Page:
The article Succession planning: It’s my job now originally appeared in CIPD
Jim Skinner, the former McDonald’s CEO who retired in 2012 after four decades with the fast food giant, had one key piece of advice for his managers: always plan two successors ahead. Skinner’s pragmatism was born out of tragic experience – his two predecessors had both died suddenly prior to him taking the top job.
When we think about succession planning, we typically think of C-suite transitions, and the pressure from shareholders and regulators to create certainty over who will steer the ship in the event of an unexpected departure. But while it is vital to have a road map for replacing your CEO, there is also an established market and a plethora of headhunters to assist you. Succession planning further down the organisation can be more critical, and is far more nuanced. It’s also often overlooked. As Andy Hill, group talent director at Sage, notes: “Any internal progression always creates holes for next time.”
That message is getting through, but there is further to go. The Corporate Research Forum says half of organisations are now thinking about ‘critical’ roles away from the executive team. The problem comes in actually putting the plans into action.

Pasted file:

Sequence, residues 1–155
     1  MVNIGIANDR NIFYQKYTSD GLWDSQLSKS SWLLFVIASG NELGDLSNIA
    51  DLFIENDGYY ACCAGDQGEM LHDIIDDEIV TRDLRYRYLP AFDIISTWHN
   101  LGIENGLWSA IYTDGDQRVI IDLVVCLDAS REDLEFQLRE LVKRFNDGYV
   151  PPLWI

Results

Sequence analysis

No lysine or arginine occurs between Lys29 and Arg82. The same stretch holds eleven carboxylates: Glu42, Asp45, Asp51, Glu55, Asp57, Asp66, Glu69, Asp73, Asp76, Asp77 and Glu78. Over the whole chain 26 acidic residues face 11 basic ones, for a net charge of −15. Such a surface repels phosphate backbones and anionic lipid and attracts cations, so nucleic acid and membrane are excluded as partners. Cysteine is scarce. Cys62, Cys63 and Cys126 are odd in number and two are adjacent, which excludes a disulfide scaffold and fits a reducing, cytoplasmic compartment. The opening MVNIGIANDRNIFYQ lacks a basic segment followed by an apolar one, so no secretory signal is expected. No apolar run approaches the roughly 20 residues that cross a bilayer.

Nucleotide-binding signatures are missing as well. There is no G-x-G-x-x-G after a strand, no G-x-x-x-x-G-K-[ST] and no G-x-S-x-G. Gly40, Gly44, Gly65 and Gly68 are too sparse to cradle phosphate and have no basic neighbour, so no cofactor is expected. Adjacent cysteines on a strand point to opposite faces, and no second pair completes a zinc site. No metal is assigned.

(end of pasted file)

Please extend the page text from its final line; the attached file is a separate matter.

A traditional succession plan is a role-focused approach that merges seamlessly with the individual focused aspects of talent management or leadership. These two focuses, says Wendy Hirsh, a principal associate at the Institute for Employment Studies, “should meet in the middle.”
Hirsh notes that “talent management without succession planning and career management involves telling people they’re special, but not what they’re special for. It does nothing except annoy people who are ‘special’ and annoy those who are told they aren’t special.”
Succession needs to be recognised as something with consequences throughout the organisation. For Hirsh, the common identifier for where a succession plan is needed is “where you don’t have a natural supply of successors; where, if you wait until the job comes up and you can’t recruit, you’re stuck.”
That can cover a lot. Some large businesses – GlaxoSmithKline, Diageo and Rolls-Royce among them – have become adept at creating future leaders and have such a reputation as breeding grounds for managerial excellence they are comfortable if talented staff leave, safe in the knowledge they will invariably return when they are required (not to mention the reputational benefits of having wellconnected and well-regarded alumni). But for less well-resourced organisations, applying the rigorous research, development and ushering needed to bring new leaders through each level can be just too much to handle.